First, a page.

Why not? One intriguing speculation came recently from the always insightful Israeli commentator Uri Avnery. When the U.S. intelligence community announced that Iran was not pursuing a nuclear weapon, Avnery wrote that the news that Israel was not in danger of an annihilating attack fell "like an atom bomb" on that country. The Iranian threat was, he said "our most precious possession."

Beneath the irony he revealed a grim truth: "Jews have become used to anxiety. We have little red warning lights in our heads, which come on at the slightest sign of danger. In such a situation, we feel at home. We know what to do. But when the lights stay off and no danger appears on the horizon, we get the feeling that something suspicious is going on. Something is wrong."

In other words, fear has become a foundation stone of Jewish identity. Indeed, too many Jews define what it means to be Jewish largely in terms of persecution, oppression, and the need to resist anti-Semitic enemies. Without an enemy to fight they would be plunged into an identity crisis.

Fear as Foreign Policy

The Israeli government feeds this fear by insuring that there will always be an enemy. Once it was all Arabs, then all Palestinians, then the PLO. Now it is Hamas. The Israelis have a long history of ignoring Hamas offers for peace, insuring that Hamas will be retained as an angry foe.

Now they've done it again. In the last few weeks Hamas leader Ismail Haniyeh and others have proposed a long-term truce. Although certain forces in the Israeli government are urging that truce talks begin, Israeli Prime Minister Ehud Olmert has publicly vetoed the idea in no uncertain terms. And Israel has stepped up its attack in Hamas-ruled Gaza.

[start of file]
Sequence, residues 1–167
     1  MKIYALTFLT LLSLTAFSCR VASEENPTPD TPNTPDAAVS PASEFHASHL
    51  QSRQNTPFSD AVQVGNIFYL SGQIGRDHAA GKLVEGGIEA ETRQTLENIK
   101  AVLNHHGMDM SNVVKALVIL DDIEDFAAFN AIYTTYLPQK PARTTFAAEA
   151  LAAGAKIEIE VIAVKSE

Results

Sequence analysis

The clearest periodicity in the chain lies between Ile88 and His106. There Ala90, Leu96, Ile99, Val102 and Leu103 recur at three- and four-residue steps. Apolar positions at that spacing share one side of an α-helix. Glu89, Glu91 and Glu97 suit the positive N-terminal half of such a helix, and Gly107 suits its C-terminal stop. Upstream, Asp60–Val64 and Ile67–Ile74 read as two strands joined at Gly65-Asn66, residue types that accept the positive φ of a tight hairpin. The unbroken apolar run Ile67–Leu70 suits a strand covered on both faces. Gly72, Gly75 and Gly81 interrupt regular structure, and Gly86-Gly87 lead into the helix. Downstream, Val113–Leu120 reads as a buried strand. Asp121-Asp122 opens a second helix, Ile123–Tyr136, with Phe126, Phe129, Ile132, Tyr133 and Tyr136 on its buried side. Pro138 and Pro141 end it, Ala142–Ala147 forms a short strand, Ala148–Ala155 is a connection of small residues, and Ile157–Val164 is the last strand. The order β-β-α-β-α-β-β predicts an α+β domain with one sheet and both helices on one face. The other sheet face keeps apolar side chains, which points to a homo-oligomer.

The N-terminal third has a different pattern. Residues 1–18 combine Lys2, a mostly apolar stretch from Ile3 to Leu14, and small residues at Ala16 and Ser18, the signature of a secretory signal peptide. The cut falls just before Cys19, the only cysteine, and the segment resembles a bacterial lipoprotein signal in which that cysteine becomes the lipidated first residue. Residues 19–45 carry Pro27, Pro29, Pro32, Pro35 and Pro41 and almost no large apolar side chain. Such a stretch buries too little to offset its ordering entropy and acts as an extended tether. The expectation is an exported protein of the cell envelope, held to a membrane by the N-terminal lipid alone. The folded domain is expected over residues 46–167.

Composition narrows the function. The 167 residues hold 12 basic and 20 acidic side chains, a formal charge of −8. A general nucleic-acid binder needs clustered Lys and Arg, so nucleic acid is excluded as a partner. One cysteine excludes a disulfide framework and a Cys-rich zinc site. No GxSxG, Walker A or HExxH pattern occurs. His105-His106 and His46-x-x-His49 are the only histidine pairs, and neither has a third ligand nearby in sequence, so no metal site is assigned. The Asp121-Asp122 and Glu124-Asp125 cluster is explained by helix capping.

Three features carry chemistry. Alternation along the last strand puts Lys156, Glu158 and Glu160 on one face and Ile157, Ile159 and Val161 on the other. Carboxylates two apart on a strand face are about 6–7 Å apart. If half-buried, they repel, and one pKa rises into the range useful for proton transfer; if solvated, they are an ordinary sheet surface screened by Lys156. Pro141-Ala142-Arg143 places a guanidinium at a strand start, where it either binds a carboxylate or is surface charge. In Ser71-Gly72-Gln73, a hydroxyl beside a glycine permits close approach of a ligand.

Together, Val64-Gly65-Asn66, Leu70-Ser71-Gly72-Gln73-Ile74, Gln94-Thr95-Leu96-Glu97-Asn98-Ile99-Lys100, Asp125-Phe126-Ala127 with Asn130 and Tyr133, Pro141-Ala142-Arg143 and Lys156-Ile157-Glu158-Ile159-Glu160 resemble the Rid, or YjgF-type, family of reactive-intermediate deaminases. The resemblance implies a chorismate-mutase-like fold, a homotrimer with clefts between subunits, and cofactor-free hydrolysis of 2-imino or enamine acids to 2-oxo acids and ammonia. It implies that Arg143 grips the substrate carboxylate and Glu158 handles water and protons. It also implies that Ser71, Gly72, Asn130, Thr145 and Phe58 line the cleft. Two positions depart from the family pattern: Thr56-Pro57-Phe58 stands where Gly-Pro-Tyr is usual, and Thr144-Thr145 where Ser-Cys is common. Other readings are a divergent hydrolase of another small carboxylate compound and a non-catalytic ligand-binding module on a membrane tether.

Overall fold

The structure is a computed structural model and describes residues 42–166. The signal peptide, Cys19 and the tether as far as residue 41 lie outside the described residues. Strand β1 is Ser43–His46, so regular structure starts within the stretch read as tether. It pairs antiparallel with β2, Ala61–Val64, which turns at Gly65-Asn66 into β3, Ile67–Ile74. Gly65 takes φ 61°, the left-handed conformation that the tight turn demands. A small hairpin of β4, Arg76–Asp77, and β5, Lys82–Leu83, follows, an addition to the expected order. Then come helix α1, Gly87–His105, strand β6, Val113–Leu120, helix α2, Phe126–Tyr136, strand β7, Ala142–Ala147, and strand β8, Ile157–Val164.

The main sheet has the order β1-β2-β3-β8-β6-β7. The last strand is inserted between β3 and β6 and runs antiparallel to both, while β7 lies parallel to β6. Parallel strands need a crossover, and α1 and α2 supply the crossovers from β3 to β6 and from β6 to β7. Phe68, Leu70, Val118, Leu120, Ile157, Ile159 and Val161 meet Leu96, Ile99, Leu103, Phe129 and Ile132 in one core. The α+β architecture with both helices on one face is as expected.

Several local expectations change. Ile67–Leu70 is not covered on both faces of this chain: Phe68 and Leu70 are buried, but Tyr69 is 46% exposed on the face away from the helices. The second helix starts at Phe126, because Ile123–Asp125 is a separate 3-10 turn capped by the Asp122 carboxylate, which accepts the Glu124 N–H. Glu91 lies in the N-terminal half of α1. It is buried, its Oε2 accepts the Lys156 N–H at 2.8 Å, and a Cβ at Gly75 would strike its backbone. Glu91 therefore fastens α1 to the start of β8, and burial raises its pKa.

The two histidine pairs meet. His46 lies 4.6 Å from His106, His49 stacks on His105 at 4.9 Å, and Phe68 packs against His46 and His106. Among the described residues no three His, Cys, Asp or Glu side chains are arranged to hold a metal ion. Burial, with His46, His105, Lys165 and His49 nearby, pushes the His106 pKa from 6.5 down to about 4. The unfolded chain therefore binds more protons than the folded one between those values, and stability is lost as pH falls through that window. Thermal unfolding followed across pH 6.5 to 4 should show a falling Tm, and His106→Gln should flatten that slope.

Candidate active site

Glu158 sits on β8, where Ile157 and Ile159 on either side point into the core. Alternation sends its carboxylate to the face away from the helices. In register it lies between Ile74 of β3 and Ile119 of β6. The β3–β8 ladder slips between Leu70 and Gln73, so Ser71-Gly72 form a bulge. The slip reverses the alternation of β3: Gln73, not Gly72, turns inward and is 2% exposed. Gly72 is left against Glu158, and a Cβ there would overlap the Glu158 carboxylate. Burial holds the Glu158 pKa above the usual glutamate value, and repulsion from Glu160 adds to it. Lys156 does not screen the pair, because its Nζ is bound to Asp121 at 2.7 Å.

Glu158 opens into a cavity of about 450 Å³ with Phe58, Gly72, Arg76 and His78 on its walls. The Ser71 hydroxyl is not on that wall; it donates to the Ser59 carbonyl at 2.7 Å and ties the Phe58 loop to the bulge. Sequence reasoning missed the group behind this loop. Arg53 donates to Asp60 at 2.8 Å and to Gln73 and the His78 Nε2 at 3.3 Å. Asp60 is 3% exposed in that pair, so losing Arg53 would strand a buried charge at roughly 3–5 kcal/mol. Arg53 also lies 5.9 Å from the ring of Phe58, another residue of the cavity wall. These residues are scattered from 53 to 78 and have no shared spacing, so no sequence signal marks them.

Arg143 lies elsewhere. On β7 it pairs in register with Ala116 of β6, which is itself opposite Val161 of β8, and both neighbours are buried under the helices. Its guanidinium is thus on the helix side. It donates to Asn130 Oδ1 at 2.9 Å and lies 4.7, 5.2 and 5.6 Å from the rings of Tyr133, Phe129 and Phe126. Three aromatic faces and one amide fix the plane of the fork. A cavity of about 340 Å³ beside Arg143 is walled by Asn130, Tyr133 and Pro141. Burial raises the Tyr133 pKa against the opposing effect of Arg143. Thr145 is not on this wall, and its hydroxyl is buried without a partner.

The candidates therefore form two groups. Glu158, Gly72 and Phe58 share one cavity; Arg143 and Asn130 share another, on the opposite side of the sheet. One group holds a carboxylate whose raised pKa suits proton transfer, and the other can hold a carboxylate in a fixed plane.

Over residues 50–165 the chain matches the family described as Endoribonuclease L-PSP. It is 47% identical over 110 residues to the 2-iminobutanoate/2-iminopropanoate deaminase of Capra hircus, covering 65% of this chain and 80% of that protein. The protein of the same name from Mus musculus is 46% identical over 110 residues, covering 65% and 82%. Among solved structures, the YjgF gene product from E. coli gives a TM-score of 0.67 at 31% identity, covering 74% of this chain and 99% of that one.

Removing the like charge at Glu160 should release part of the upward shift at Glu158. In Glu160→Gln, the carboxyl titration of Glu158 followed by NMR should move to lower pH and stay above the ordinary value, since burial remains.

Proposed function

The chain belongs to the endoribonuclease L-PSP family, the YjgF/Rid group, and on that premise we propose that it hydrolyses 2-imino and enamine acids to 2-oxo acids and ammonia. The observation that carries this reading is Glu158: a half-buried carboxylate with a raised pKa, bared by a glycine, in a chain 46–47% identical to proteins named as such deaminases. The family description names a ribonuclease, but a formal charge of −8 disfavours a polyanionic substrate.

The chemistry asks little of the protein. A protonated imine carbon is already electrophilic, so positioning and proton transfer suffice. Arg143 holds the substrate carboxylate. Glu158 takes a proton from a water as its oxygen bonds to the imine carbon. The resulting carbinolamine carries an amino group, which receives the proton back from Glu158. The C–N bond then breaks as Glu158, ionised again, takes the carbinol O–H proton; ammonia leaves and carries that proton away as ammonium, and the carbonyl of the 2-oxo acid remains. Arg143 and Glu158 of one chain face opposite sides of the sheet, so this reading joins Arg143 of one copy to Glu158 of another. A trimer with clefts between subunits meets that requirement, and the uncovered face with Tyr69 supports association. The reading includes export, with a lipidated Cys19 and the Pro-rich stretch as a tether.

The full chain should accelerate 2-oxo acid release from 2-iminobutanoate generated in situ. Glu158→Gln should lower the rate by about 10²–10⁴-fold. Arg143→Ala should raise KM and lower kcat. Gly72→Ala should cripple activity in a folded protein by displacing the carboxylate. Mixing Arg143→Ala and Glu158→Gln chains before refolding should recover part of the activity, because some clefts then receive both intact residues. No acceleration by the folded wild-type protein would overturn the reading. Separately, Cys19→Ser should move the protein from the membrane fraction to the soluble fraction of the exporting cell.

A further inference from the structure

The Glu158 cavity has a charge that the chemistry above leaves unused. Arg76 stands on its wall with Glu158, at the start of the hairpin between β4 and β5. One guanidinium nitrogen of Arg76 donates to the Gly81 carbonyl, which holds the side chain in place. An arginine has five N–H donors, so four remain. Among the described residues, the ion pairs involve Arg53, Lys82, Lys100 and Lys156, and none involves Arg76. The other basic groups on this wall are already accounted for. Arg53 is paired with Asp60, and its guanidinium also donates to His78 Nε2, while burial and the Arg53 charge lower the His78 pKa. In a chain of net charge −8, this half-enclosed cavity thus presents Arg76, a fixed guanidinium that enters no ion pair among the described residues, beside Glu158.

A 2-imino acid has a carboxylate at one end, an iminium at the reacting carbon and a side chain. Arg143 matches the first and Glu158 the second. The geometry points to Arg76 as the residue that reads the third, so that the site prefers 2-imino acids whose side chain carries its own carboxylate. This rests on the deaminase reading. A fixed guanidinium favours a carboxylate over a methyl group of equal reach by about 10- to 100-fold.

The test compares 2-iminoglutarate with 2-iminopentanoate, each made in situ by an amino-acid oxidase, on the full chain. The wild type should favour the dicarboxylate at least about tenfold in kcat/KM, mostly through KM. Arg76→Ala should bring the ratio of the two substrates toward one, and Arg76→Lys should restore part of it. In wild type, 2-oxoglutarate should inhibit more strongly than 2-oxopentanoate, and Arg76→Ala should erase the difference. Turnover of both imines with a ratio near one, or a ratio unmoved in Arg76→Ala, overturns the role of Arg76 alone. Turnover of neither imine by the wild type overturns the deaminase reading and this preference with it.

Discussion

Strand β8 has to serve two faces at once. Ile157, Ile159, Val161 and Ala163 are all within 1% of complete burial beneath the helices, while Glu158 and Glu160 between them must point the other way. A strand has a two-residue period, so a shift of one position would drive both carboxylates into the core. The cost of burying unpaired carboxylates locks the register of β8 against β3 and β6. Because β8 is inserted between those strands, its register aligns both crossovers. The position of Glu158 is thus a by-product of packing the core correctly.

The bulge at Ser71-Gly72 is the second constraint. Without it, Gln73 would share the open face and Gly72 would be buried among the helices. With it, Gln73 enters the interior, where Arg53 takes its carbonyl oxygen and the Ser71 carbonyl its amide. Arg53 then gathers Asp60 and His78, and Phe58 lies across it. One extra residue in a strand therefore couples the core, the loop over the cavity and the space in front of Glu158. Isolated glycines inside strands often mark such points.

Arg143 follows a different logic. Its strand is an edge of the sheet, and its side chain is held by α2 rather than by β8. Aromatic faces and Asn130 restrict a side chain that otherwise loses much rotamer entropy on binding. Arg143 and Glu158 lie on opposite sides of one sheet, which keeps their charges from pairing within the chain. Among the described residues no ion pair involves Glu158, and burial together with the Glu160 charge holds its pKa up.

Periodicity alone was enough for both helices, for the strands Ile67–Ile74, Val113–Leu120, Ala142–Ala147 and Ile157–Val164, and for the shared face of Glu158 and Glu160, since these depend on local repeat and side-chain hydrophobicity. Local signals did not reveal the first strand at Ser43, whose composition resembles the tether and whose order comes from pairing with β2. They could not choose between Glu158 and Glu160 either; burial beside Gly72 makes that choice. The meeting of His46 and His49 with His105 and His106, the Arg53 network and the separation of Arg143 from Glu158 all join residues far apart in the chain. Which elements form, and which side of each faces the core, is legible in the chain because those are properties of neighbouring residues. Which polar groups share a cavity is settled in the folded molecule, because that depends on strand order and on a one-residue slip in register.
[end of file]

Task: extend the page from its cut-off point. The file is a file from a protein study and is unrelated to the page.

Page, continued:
Fear has prevailed again in the dominant Israeli view, as Avnery sums it up: "If the Palestinians are strong, it is dangerous to make peace with them. If they are weak, there is no need to make peace with them. Either way, they must be broken." And if (as is likely) they will not be broken, Israel gets to have two strong factions continuing to tear Palestinian society apart. For fear-driven Israelis, it's a win-win situation.

This fear helps to explain not only the many Israeli policies that are violent and outrageous ("Those Arabs understand only one thing: Force") but the few that are now in the direction of peace. In a recent interview, Olmert shocked his nation by saying publicly that Israelis must take seriously the prospect of dividing Jerusalem. But he quickly explained that it has nothing to do with wanting better relations with the emerging Palestinian state. On the contrary, Olmert views his primary responsibility as prime minister as "ensuring a separation from the Palestinians."

Israelis have become obsessed with the fear that, if the occupied territories are not somehow jettisoned, Palestinians will some day outnumber Jews. The idea of letting them have the right to vote, and thus rule over Jews, is too terrifying to accept. But how can Jews "live eternally in a confused reality where 50% of the population or more are residents but not equal citizens who have the right to vote like us?" Olmert asked. "My job as prime minister, more than anything else, is to ensure that doesn't happen."

Olmert's talk of flexibility on Jerusalem may look courageous. He knows that an undivided Jerusalem has become the prime symbol of the Jewish people taking an intractable stand against their enemies. What Rabbi Firestone, or any good psychologist, could tell him is that people who feel compelled to prove their inflexibility (like people who wall themselves in) only root themselves deeper in their anxiety.

Olmert also knows that Israeli leaders who do not create an appearance of intransigence that caters to the fears of their public will soon be voted out of office. So at the same time that he shocked Israelis by hinting about dividing Jerusalem, he shocked Palestinians by insisting that the huge settlement of Ma'alei Adumim, built in the West Bank, must remain part of Jewish Jerusalem. And his government further outraged Palestinians when it announced that it would build 1,000 new units in the settlement Har Homa, which Israel plans to keep as part of its Jerusalem (even though Israel's attorney general says it's illegal). When Condoleezza Rice said, "This doesn't help to build confidence," it was quite an understatement.